of contests on Feb. 3, which occur mostly in nonunion Southern and Southwestern
states, such as South Carolina, Oklahoma and Arizona.
But even if Dean stumbles
in those contests, the union endorsements significantly improve his odds of reestablishing
an advantage in mid-February showdowns in Michigan and Wisconsin, two states where
labor is critical.
In Michigan, which will vote in a caucus that magnifies
the importance of organization, the SEIU counts 45,000 members and the AFSCME
60,000. They number a combined 70,000 members in Wisconsin.
decision to abandon the public financing system could also provide him an edge
in the early contests. Under the system, candidates agree to spending limits in
return for federal funds that match the first $250 of every contribution they
Dean and his advisors have framed his expected withdrawal as a way
to compete with Bush, who has already opted out of the system and aims to spend
at least $175 million through the Republican convention in September.
who remain in the public financing system will be allowed to spend only $49 million
through their convention in July. In all likelihood, the eventual winner will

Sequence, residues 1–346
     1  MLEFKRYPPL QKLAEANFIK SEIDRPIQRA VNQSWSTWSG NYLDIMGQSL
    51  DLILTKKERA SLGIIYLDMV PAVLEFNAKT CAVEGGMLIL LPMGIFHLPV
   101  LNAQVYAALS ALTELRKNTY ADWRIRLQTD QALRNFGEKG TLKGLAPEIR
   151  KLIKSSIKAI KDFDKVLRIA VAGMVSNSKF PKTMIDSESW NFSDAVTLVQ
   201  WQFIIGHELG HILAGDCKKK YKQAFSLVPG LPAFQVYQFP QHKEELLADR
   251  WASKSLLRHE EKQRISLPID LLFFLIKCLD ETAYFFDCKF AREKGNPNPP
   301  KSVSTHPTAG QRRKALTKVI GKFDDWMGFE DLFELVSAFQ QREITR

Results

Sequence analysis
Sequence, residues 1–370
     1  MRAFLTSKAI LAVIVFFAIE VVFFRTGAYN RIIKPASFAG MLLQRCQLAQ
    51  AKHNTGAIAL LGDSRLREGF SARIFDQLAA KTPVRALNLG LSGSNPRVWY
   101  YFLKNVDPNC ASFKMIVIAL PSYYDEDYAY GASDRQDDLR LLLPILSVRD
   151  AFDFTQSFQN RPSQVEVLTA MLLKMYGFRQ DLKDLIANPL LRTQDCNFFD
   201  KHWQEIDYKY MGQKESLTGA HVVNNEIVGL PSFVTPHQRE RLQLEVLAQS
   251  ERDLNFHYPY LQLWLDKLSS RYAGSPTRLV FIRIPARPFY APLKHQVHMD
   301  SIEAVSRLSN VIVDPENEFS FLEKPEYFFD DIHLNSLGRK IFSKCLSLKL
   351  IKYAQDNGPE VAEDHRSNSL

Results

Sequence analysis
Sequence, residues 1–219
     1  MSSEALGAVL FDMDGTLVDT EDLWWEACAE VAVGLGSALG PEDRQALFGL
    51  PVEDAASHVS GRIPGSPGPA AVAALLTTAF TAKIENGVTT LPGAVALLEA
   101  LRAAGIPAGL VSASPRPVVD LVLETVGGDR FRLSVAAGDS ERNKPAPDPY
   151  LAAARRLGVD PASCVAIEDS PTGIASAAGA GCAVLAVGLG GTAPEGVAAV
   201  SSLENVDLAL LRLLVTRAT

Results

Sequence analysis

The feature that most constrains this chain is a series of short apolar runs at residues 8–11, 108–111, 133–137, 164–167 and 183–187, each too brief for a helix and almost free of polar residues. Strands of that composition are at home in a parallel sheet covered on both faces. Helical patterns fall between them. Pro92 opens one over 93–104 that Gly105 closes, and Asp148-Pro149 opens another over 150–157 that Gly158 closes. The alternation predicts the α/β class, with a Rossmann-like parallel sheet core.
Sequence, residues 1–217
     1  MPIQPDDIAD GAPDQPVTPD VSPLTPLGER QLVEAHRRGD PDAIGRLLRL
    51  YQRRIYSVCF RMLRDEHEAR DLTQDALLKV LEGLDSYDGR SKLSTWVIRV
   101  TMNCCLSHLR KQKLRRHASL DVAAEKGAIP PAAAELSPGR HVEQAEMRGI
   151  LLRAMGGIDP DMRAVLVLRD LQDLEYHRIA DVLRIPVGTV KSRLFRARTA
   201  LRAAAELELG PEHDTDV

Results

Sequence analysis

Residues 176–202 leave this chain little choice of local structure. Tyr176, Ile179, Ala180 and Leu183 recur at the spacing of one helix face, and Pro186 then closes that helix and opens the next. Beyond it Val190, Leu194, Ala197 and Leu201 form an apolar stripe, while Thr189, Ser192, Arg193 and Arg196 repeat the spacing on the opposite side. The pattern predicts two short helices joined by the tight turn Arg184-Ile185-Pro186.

have to spend almost all that money to secure the nomination by March, leaving
the candidate unable to raise or spend virtually anything from then until the
convention. That's the prospect Dean has raised to justify leaving the system.
But opting out would also allow Dean to break the caps that limit how much
candidates can spend during the primaries in individual states, such as Iowa and
New Hampshire. That would mean Dean could spend more in those states than his
rivals who stay within the system.
Given that prospect, several campaign finance
reform advocates this week urged Dean to voluntarily abide by the spending limits
for the primaries, even if he opts out of the public finance system.
D. Feingold (D-Wis.) said Friday that by voluntarily accepting the limits, Dean
could maintain a level playing field with the Democrats participating in the public
system during the primaries but would preserve his ability to compete financially
with Bush through the spring and summer if he wins the nomination.
at least demonstrate that the decision to opt out is prompted by the president's
unprecedented fund-raising and not a desire to overwhelm" other Democratic candidates.
On Friday, Kerry said that if he opted out of the system, he would not spend
more than the total allowed during the primaries "until a nominee is effectively
Dean's camp said it is only beginning to consider those requests.
But with so many dominos falling his way, most observers consider it unlikely
that Dean would accept any self-imposed limits that would inhibit his ability
to strike a quick knockout blow.
A top advisor to one of his rivals said that
given the financial and organizational resources flowing to Dean, "The truth is
you are looking at a situation where if Dean wins Iowa and New Hampshire, everyone
else is toast."
Copyright 2003 Los Angeles Times